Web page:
Updated Apr 27, 2019

The gig economy is distorting U.S. economic data

Dion Rabouin, author of Markets

Illustration: Aïda Amer/Axios

Online shopping and the gig economy haven't just disrupted traditional brick-and-mortar business, they're disrupting the way U.S. job growth, wage data and inflation are tracked, asserts a new paper from the Dallas Federal Reserve.

What it means: There has been an increase in the number of workers in the gig economy who are either working as contractors or are self-employed, but report themselves as employed. These workers often have less bargaining power and lower wages than full-time employees.

Details: "Essentially, firms are able to hire contract or self-employed workers, who are not on their payrolls and not counted among the unemployed when not on the job," John V. Duca, a vice president in the research department at the Dallas Fed, says in the report. "As a result, the headline measure of unemployment may understate labor slack."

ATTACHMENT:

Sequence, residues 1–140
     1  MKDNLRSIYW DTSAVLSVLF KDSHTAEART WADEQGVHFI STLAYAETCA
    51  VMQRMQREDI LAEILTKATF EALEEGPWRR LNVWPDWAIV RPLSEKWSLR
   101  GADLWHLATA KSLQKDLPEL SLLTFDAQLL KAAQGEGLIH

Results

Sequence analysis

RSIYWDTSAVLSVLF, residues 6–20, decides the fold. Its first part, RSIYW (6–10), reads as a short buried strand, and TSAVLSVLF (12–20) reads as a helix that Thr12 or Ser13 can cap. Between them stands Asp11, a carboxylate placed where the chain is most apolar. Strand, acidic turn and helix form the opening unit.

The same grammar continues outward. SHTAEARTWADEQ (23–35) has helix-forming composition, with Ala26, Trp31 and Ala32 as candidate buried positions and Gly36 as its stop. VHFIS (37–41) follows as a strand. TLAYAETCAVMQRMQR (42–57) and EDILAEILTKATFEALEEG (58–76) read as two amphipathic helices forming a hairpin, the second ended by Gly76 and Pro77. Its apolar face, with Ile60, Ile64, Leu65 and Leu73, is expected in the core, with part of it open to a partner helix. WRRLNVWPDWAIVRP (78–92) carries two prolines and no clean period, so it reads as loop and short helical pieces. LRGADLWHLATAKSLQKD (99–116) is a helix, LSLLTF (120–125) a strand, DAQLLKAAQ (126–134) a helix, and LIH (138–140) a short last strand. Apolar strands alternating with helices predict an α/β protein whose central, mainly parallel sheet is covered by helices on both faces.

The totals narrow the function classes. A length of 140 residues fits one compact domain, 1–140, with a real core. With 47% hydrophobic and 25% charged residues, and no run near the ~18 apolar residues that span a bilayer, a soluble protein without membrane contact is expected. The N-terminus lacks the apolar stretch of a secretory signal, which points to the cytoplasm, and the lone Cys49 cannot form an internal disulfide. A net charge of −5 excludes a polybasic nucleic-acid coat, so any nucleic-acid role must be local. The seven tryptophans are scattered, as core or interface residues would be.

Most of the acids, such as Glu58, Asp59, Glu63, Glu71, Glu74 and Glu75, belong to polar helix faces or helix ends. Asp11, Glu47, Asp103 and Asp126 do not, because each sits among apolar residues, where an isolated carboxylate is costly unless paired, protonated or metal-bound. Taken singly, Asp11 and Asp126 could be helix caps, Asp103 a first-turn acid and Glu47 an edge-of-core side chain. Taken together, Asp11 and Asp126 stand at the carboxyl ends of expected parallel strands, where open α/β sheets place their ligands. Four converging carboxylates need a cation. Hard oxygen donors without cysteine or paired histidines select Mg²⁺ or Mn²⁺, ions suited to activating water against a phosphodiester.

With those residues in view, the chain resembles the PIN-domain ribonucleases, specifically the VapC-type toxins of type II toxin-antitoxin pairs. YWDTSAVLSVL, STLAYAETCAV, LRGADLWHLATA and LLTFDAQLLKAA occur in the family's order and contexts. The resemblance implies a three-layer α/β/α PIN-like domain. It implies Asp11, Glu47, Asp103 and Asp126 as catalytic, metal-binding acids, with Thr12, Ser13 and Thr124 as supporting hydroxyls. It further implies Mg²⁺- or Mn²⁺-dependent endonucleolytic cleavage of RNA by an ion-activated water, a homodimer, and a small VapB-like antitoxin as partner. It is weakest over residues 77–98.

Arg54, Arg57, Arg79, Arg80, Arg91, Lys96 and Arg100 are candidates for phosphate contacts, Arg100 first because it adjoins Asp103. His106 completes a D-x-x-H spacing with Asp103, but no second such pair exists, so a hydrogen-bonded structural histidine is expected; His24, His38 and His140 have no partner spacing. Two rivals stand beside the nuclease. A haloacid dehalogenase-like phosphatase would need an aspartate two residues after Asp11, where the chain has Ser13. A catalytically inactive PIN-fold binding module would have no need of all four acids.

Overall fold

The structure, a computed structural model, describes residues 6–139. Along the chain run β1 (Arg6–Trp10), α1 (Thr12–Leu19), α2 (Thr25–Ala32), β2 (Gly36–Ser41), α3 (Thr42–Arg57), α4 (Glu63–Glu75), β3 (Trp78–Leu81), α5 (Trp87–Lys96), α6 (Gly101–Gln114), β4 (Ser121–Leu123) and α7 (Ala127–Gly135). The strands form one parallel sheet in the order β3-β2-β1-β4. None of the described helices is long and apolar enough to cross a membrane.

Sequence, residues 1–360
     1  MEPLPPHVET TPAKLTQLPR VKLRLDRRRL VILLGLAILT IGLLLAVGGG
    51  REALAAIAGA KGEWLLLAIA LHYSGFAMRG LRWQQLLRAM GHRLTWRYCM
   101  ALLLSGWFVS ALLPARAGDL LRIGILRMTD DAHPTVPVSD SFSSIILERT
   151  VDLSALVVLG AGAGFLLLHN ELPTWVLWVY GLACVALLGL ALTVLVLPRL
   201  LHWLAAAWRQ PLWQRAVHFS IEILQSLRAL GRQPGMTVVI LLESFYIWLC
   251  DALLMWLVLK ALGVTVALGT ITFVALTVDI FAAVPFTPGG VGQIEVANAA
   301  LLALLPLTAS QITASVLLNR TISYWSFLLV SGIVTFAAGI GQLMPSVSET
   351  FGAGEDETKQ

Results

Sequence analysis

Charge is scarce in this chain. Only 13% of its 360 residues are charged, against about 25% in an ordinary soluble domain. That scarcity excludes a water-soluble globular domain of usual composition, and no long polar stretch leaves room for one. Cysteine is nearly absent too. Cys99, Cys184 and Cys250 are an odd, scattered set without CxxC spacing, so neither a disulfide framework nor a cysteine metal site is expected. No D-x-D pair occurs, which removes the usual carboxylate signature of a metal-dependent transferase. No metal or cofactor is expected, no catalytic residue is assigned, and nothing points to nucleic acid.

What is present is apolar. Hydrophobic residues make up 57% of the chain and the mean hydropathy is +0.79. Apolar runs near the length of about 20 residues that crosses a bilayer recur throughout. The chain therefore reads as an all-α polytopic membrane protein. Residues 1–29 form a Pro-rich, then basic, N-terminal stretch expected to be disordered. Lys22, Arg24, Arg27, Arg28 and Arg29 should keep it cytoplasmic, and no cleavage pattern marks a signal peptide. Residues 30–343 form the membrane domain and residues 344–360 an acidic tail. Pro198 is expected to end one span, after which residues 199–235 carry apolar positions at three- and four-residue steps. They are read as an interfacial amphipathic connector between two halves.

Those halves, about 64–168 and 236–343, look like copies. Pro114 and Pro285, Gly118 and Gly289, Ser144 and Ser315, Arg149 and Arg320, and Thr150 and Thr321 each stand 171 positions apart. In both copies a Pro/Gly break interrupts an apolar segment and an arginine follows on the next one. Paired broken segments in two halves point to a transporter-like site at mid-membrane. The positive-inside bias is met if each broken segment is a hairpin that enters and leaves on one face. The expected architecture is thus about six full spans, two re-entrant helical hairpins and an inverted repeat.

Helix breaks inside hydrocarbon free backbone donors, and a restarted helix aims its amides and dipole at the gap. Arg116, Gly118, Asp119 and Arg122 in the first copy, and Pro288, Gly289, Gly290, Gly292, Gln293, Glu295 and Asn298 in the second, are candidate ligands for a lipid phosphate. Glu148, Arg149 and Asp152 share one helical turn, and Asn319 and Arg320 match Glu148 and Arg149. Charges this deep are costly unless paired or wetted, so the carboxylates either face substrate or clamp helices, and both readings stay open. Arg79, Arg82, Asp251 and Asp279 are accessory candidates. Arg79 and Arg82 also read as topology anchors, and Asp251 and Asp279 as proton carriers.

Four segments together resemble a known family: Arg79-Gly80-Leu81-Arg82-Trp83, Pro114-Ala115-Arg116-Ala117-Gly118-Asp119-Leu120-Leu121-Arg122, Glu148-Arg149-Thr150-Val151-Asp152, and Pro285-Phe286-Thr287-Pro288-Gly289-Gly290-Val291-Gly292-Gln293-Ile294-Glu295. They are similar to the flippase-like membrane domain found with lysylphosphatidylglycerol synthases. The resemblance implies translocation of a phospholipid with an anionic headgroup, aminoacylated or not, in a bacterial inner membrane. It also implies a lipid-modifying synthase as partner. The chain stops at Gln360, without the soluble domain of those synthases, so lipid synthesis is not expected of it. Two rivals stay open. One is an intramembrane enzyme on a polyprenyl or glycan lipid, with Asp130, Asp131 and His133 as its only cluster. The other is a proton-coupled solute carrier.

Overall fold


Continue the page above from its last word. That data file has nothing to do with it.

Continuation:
• In essence, unemployment should be higher than it is because most gig economy workers should be counted as unemployed or underemployed, according to traditional metrics, but aren't. They also make less money, pushing down wage numbers. That is leading to unusually low readings in the data.

The big picture: Economists have long argued about just how much impact the gig economy has had on the persistently low wages in the U.S. and the change in the relationship between unemployment and inflation. Typically as unemployment falls, inflation rises, but that trend has been undermined in recent years, leading many to question the long-held economic principle of the Phillips Curve.

  • Last year, Anat Bracha and Mary A. Burke, senior research economists at the Boston Fed, found recent year-over-year wage growth had fallen short of predicted values by 0.5–1 percentage point.
  • They concluded that the gig economy had "an economically significant" impact on those lower wages.

Yes, but: "These shopping and employment behavior changes are still new enough that the data are insufficient for full statistical analysis," Duca says in the Dallas Fed report.

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